by Barry Stephenson
Dating from the 4th century, Rome’s San Marcello al Corso houses a crucifix that began its famed career by surviving a devastating fire in May of 1519. Three years later, during the height of a plague, friars of the Servant of Mary, disregarding the prohibitions imposed by the civil authorities, carried the crucifix for sixteen days through the streets of Rome. By the time the good friars returned to the Church, so the legend goes, the plague had subsided, a further testimony the miraculous qualities of this particular crucifix.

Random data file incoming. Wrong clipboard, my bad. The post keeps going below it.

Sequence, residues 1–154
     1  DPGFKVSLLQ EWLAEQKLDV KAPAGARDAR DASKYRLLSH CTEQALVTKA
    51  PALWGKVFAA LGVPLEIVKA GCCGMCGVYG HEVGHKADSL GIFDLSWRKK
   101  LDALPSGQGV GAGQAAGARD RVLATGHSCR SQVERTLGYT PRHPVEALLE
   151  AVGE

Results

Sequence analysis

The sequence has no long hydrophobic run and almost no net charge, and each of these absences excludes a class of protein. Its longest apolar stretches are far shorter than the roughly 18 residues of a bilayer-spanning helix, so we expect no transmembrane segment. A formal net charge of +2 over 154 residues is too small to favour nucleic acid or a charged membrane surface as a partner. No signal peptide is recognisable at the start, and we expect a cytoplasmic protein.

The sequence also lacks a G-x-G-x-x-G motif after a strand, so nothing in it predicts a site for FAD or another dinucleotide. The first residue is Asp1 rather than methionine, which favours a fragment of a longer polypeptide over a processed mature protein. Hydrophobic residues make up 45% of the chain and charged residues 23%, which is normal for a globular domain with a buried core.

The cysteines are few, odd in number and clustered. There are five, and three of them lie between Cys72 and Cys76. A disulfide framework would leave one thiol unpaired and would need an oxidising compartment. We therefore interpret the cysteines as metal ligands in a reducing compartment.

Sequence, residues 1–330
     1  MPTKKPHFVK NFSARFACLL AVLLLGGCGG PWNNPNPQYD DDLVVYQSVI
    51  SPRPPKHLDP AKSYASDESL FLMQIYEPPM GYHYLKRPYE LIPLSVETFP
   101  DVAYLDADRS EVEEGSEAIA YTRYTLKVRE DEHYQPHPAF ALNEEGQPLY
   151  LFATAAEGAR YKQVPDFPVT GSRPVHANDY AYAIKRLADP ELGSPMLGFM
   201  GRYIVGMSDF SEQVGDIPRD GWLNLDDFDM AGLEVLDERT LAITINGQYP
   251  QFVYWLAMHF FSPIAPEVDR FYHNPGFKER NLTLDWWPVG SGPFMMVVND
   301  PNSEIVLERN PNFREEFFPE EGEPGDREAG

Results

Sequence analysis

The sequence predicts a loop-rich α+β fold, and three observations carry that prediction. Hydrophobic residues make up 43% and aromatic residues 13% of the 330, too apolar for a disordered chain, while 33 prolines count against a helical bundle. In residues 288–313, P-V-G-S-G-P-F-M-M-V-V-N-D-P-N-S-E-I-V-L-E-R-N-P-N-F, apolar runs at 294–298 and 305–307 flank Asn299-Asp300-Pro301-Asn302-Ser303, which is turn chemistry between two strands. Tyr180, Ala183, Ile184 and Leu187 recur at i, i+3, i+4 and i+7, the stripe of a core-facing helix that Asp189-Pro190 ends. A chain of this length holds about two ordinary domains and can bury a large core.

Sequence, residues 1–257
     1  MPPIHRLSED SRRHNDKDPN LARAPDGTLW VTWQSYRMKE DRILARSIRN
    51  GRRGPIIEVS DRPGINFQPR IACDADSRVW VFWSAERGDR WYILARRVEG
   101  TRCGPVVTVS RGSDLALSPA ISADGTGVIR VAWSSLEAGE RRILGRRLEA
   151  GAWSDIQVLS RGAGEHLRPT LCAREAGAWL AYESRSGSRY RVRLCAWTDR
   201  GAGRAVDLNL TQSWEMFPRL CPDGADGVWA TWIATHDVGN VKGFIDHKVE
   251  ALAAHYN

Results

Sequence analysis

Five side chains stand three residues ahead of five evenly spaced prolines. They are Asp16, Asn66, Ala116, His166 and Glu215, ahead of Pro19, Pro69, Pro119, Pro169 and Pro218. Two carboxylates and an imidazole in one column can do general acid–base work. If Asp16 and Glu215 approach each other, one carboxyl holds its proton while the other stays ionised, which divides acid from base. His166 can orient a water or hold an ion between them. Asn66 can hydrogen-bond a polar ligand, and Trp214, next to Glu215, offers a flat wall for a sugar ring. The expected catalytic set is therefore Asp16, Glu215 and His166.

John Chrysostom praised the Cross as “our trophy raised against the demons, our sword against sin, and the sword Christ used to pierce the serpent. The Cross is the Father’s will, the glory of the Only-Begotten, the joy of the Spirit, the pride of the angels, the guarantee of the Church, Paul’s boast, the bulwark of the saints, and the light of the entire world.” Reading these words, semiologists would no doubt advise us that the cross is an “overdetermined” symbol. Crucifixes are objects of power–spiritual, political, emotional. They are a saturated phenomenon, possessing density, depth, weight, gravitas. Some are connected to stories of victory in battle, some to the healing of illness, some to the politics of identity, still others to the travails of war and forced migration. Crucifixes are part of the liturgical art installed in churches, but they are also mobile, portable ritual objects. Crucifixes, if not too big, process well, linking together stationary sacred locales by generating a kinetic wave of the religious in the midst of profane space.